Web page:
The low down: Are SUVs useful for business?

Automobile manufacturers appear to be blurring the lines between vehicle classes, especially in recent years, creating sedans elevated above the road and SUVs that look to be little more than larger hatchbacks.

Naturally, the question has to be asked: are these crossover style vehicles actually useful, especially for businesses that use them day-to-day?

Below, we'll take a look at SUVs - a class that appears to be gaining significant traction.

Growing in popularity

According to the Federal Chamber of Automotive Industries (FCAI), all SUV segments made up a substantial portion of Australian vehicle sales in February this year. Large SUVs, for example, managed 11,330 sales, whereas medium-sized cars only managed 5,539 sales.

Clearly, there is something to be said for the sporty vehicles.

Are they practical?

From the outside, these cars may not appear to be altogether practical: they're smaller than full-size trucks and shorter than many sedans. However, inside they're a different story. On most vehicles there's ample headroom, collapsible back seats and a tall and wide boot.

This makes them the perfect cars for Australian vehicle fleets, as they can transit long distances whilst carrying cargo. What's more, they also use less petrol than larger vehicles - while retaining functionality.

Are they safe?

The second question after practicality is certainly going to be safety when fleet managers are buying these vehicles - and it's a necessary consideration.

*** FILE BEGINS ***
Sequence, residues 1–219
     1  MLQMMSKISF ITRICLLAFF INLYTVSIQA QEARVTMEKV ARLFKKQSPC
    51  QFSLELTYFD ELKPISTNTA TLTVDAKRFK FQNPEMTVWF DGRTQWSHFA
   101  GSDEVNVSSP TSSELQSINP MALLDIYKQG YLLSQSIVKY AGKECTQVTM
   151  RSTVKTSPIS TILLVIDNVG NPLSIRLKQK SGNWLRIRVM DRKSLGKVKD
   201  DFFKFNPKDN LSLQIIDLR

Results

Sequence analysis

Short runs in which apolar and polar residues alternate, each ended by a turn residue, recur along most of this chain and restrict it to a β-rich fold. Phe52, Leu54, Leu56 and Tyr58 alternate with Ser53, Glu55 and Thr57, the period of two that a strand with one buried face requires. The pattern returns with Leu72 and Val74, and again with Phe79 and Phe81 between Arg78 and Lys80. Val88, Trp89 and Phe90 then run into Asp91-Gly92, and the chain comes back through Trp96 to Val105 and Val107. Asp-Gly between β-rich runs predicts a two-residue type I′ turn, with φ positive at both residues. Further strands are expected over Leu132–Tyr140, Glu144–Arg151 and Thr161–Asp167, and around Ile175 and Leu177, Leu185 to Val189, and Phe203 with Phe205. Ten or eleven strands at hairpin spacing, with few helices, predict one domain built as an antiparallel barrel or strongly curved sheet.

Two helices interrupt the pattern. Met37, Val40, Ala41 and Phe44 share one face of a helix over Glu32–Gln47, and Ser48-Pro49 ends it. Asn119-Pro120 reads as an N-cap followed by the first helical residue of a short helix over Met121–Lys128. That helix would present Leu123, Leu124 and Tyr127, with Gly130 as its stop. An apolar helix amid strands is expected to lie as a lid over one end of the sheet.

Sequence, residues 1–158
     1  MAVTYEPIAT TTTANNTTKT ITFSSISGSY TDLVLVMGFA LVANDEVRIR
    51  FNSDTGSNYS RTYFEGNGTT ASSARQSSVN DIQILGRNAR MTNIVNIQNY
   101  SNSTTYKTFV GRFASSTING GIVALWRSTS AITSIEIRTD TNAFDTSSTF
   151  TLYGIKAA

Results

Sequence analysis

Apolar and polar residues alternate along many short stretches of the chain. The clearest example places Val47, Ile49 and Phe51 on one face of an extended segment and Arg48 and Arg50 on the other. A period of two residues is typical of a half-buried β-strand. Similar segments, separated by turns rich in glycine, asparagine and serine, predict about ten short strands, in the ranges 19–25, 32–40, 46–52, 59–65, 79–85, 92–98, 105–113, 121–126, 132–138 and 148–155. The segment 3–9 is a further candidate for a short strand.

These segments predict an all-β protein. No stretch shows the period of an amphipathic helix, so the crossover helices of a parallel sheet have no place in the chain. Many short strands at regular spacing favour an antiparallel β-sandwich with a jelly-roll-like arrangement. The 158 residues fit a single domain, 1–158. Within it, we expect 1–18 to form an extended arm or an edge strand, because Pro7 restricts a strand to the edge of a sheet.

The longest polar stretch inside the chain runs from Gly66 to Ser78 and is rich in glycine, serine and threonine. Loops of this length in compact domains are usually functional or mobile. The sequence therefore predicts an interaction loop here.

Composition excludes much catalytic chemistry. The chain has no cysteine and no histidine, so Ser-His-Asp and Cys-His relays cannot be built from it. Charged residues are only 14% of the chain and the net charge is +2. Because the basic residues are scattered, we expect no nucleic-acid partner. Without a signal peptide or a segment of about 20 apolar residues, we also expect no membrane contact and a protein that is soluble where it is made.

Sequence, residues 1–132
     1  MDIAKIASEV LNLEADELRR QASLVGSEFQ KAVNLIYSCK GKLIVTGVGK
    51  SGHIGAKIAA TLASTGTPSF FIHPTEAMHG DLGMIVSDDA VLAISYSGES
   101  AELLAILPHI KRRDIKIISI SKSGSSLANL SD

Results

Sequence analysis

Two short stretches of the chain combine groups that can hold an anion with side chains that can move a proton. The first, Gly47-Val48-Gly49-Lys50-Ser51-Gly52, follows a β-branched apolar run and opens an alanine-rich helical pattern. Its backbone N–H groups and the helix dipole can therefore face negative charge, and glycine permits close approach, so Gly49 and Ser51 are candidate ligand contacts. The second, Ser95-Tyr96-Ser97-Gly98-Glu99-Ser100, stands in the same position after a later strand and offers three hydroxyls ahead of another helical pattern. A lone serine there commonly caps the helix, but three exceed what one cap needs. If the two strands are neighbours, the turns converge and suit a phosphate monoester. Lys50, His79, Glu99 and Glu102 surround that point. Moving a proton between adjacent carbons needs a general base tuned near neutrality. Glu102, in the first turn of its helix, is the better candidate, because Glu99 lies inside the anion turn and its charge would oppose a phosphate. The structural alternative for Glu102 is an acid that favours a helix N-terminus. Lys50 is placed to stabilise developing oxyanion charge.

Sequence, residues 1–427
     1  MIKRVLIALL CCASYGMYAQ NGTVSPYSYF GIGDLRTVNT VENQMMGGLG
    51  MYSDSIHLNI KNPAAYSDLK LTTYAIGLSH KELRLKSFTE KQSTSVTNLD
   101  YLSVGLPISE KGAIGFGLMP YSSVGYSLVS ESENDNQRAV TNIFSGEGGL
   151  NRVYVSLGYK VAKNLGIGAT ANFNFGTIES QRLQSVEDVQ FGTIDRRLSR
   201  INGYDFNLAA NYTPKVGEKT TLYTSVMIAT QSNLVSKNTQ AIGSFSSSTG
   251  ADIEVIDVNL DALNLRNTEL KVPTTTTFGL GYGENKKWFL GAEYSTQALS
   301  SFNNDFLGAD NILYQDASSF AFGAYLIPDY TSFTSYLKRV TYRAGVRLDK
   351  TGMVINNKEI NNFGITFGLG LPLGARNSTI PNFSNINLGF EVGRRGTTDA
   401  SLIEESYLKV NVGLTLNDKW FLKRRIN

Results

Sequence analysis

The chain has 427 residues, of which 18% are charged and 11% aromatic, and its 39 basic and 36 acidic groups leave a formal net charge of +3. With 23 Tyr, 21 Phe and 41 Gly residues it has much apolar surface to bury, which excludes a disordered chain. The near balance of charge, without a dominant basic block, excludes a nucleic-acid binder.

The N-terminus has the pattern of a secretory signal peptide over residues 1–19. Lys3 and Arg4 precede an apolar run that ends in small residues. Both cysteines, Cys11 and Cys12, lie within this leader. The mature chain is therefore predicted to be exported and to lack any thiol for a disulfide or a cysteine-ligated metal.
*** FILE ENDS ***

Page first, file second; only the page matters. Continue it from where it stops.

According to the Australasian New Car Assessment Program (ANCAP), these vehicles score highly when it comes to safety. Below, we'll look at a few categories.

Compact SUVs: The Subaru Outback received a five star rating when it was put through the testing process last year, along with the Nissan Qashqai.

Medium SUVs: The Lexus NX rated highly with five stars, along with other noteworthy models including the Nissan X-Trail and Jeep Patriot.

Large SUVs: Looking at the larger segment of vehicles, the Ford Territory, Jeep Cherokee, Toyota Prado and Nissan Pathfinder managed to score highly.

Based on these results alone, it should give fleet managers a fair idea of the safety of these vehicles.

Any noteworthy models?

So, are there any noteworthy models that need to be considered? All of the five-star rated vehicles above are certainly worthy contenders for any vehicle fleet - and there are more available frequently.

The Honda HR-V, for example, is a new crossover SUV that includes useful functionality such as back seats that fold upwards to allow for more floor space, and styling in keeping with sedans and other city cars.

These vehicles would appear to offer the best of both worlds for Australian fleet managers - especially those concerned about fuel running costs.